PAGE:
The vast majority of his work is done by commission. Hardy doesn’t deal with many gal- leries, aside from an annual traditional cowboy arts show and sale at the National Cowboy and Western Heritage Museum.
Hardy admitted he didn’t have an artistic background in his youth while growing up in Dundern, Saskatchewan in a family with ve generations in ranching and agriculture.
“Our family was always involved in agricul- ture out there, they still are as a matter of fact,” he said. “I was raised on horseback, moving cows, having fun.”
Hardy moved to Alberta in 1971 and worked as a packer and guide in the mountains, where he remained until 1978 when he met his wife. He took on a variety of jobs and trades, from horse- shoeing to welding and working on oil and gas rigs to earn a living.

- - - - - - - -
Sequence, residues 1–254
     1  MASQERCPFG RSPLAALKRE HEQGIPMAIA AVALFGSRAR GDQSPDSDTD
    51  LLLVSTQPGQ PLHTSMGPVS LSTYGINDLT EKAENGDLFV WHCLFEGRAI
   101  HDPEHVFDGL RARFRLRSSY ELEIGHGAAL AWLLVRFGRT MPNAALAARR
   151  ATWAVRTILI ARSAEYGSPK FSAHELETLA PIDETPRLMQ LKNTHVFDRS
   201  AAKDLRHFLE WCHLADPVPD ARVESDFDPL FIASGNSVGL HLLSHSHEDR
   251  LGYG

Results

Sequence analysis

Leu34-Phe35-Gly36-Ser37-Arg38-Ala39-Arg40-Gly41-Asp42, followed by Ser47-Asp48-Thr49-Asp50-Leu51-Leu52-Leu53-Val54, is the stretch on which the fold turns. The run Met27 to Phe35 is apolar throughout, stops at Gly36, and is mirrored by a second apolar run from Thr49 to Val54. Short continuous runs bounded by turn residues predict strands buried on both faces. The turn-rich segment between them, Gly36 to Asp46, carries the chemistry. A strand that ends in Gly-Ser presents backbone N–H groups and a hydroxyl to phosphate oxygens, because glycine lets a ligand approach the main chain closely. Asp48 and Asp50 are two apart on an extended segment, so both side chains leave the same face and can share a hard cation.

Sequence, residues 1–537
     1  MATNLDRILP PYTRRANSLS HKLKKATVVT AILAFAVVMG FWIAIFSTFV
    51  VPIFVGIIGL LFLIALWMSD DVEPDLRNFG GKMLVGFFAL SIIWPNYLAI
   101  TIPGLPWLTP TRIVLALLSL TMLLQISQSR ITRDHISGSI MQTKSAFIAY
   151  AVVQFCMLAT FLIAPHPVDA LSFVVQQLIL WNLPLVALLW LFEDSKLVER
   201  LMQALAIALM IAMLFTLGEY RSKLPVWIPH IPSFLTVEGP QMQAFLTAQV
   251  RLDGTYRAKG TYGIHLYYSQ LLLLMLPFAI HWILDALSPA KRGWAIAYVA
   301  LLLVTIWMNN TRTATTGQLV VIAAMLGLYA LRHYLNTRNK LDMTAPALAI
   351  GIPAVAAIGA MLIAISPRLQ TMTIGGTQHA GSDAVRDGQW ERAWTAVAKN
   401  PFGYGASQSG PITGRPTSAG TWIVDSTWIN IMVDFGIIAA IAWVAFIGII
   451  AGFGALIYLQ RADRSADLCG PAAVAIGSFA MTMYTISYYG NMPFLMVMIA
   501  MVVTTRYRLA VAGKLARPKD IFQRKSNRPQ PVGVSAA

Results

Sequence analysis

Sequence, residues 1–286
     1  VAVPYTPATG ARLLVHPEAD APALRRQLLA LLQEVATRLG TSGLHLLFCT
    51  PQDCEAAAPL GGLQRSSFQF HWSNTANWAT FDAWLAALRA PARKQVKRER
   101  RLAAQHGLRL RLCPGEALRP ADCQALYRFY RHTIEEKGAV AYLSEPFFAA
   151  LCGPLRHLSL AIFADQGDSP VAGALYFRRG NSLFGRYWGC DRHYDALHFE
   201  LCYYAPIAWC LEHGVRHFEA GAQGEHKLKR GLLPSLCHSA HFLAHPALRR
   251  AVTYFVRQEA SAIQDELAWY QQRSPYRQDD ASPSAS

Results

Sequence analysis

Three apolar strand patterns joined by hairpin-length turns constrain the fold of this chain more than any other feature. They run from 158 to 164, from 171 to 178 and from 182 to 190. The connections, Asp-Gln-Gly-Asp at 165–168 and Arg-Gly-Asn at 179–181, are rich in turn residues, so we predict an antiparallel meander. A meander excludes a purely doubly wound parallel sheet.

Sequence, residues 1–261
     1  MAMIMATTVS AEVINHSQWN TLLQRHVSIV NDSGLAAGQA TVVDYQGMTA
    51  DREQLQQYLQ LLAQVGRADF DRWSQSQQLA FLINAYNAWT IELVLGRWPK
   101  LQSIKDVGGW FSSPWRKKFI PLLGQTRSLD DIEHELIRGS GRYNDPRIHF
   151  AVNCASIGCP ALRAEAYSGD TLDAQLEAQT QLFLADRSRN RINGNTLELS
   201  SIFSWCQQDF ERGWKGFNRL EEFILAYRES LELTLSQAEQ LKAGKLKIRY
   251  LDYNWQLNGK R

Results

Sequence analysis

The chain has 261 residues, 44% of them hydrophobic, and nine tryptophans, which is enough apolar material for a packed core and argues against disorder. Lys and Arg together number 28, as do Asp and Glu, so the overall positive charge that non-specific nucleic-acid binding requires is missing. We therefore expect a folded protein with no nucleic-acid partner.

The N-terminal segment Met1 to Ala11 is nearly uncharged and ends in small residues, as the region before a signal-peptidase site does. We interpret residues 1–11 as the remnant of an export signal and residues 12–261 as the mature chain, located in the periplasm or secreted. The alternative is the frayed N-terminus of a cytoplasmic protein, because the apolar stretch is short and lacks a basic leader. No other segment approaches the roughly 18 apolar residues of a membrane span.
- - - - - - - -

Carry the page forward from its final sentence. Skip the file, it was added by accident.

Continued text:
Looking to carry on his family’s agricultural heritage, Hardy enrolled in a beginner’s silver working course at then Mount Royal College
in Calgary as a way to earn extra money. He attended two, three-hour classes a week for 10 weeks before going on to open his own business 35 years ago.
“This is my 35th year and I feel like I’m just beginning,” he said.
It took Hardy eight years just to become pro- cient as an engraver – a skill that needs to be practiced regularly to retain.
“Now I’m known as one of the best in North America and it’s because I do it every day, I liter- ally do it six days a week,” he said.
Hardy has had little in the way of formal edu- cation and training. Aside from the Mount Royal course and the support of a small group of men- tors, he honed his skills by trial and error.
“Nobody would teach you about this stuff,” he said. “The courses you could take, nothing taught you about engraving. Nothing taught you about working with heavier pieces.”
Hardy said he was lucky to be mentored in the early years of his career by two respected western craftsmen – Al Pecetti, a silversmith from Reno, Nevada with 60 years in the trade before he died in 2004, and Al Tietjen, a renowned bit and spur maker from Reno who died in 2009.